I hope that we will start to learn a little more from the French and start to back the British car industry. As has been pointed out, the Government must set the example. We must ensure that we do not lose any more car plants and we must see continuing growth. Unfortunately, this week we heard similar news about TVR in the north-west, not far from my constituency. TVR produces its famous cars in Blackpool, but a Russian entrepreneur came over and demonstrated the danger of foreign investors buying out British companies. They do not have the same affinity. He might say that he was slightly misled when he bought the company, but TVR has always produced in Blackpool. Now it seems easier to move production to Europe. It is a worry.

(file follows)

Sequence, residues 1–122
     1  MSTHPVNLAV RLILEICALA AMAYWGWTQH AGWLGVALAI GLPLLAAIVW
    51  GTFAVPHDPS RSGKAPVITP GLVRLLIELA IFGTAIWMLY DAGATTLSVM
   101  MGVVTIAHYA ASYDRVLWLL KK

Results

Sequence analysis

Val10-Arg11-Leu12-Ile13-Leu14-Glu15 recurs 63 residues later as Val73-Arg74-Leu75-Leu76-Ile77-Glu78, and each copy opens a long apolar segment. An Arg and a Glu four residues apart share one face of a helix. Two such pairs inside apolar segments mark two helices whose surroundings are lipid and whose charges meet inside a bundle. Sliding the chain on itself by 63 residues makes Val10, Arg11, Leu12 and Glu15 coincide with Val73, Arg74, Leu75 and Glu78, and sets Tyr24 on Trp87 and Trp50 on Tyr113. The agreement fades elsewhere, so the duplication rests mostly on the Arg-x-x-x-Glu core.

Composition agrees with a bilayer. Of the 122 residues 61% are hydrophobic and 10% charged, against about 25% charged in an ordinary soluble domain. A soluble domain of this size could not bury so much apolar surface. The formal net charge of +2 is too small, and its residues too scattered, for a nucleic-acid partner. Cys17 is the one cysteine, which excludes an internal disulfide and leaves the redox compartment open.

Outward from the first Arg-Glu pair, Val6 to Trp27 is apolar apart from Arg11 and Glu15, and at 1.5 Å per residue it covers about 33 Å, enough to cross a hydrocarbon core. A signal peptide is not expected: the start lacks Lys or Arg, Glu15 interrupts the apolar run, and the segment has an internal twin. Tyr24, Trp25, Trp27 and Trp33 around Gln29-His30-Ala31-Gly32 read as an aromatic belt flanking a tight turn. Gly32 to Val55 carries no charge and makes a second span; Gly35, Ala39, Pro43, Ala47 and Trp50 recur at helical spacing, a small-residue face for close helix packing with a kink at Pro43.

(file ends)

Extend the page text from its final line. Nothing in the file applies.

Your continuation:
The 260 jobs that Blackpool could lose are quality skilled jobs in the north-west and that is a tragedy. It is also a tragedy for the components sector, because it has a knock-on effect. It is a great worry. As Kevin Morley, the BBC automotive industry analyst, stated:

We build some of the best racing cars, the best technology comes out of the UK and we have the best research and development. We must see that transferred into production. Production must be the backbone of the industry, and we must get manufacturing back and up to where it ought to be—leading the rest of Europe. We want to see the investment of the 1980s and 1990s continue in this new millennium. We must look at that and ensure that we are the best place to do business.